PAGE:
Background music

What it is

Background music is music that sets a stage (just like background scenery does).


In fighting games, background music heavily defines the atmosphere of the whole game, and largely affects how characters and stages are perceived, so it does play a role in determining how quality people find a game to be.

Recent games allow you to go to the option menu and adjust the volume of music and sound effects. Also in this menu, recent games may even allow you to choose between the authentic arcade music (OST: Original Soundtrack), or the rearranged and maybe even remixed “Arranged” soundtrack (AST); this is especially true of the Street Fighter Anniversary Collection and many recent SNK games. You can buy these soundtracks on CD in many cases, though they are usually only sold in Japan.


The music of some games (e.g. Guilty Gear) is largely praised, while some games are widely panned (e.g., many consider KOF 2001 to have rather banal generic techno). There are some games with a minimum of music, with KOF ’97 being one of the few examples; there is no background music unless particular characters come on, though the music itself is good quality, as are the hauntingly music-less background noises.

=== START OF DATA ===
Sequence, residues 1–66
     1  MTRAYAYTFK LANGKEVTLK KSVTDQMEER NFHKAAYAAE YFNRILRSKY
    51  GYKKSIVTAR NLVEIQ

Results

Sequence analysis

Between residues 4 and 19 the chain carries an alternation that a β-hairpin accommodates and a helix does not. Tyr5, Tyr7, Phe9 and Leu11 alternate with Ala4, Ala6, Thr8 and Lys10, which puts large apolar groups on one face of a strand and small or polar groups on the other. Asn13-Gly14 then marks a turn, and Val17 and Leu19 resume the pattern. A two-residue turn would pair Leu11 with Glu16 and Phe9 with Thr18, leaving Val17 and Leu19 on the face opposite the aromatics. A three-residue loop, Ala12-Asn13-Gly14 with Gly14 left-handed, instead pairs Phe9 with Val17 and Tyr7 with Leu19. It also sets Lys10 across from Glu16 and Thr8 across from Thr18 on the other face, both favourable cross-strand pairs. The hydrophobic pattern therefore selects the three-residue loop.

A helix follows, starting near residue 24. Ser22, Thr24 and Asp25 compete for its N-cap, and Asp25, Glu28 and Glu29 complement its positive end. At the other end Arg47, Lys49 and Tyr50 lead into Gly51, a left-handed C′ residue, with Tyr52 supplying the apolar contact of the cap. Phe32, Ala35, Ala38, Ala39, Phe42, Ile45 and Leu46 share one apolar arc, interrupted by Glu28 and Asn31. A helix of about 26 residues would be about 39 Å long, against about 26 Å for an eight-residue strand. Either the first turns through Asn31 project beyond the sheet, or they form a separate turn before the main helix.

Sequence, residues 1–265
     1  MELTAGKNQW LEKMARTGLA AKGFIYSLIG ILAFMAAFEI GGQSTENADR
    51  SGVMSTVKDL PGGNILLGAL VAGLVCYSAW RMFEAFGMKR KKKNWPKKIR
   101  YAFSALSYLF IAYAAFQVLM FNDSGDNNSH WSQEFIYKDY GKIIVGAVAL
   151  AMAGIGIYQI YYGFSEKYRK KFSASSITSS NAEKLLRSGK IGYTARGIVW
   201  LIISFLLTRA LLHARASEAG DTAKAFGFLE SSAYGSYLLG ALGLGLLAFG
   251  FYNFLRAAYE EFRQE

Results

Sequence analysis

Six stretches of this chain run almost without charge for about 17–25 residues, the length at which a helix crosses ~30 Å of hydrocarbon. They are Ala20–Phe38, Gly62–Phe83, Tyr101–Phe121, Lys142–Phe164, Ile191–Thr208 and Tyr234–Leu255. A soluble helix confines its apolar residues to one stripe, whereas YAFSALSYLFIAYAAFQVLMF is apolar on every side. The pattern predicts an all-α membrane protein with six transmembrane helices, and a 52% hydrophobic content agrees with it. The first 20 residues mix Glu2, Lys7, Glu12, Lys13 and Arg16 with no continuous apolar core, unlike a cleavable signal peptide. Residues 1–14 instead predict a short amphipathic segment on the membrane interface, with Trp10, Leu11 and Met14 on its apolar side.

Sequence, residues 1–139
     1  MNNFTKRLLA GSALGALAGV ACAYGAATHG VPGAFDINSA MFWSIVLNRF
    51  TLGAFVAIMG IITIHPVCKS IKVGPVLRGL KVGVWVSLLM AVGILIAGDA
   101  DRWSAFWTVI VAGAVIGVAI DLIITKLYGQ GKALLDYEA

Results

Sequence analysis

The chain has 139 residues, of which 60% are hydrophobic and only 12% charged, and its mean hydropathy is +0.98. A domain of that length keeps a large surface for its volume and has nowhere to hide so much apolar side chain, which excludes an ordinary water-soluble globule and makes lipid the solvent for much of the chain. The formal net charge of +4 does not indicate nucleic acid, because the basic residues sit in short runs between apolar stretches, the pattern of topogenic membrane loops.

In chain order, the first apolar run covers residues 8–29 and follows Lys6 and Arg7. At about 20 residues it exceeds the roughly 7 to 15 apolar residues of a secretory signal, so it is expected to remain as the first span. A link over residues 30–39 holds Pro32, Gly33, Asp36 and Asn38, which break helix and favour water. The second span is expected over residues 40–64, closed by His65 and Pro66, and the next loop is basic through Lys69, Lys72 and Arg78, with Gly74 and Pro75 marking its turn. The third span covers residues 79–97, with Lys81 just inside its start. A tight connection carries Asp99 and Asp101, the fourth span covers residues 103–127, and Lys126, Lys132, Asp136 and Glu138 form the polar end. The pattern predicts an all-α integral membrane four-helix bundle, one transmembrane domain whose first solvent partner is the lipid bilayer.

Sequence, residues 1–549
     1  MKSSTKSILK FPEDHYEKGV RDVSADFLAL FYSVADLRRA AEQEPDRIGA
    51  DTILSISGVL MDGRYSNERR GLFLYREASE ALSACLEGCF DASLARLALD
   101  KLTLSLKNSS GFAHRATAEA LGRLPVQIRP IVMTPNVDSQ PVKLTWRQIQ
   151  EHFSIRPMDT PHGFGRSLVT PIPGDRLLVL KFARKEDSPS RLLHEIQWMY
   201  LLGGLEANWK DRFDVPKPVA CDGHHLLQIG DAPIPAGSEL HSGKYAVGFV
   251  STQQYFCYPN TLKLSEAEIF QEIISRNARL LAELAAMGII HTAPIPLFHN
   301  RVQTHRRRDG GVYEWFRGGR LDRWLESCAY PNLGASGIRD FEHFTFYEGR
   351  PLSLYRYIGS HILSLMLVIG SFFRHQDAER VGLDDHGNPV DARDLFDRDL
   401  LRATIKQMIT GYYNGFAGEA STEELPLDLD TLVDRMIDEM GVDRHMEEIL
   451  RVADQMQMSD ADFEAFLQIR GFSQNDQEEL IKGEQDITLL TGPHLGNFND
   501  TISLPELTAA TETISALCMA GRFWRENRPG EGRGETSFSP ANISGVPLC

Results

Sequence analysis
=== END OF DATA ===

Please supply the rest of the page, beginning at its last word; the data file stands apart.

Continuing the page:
Special kinds of background music

  • Sometimes, music will have lyrics added for an arranged version.
  • The character selection screen tends to have some memorable music. Makes sense, since players hear it every time they start a game.
  • Music may change in the middle of a fight; the most famouse example is in Street Fighter II, where the music speeds up when someone’s life gets low during or after the second round.

Further reading

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Based off the article on the wiki, edited on 4 February 2009.
Unofficial translation published by BRPXQZME / Alfie Parthum 6 February 2009. No unauthorized redistribution permitted.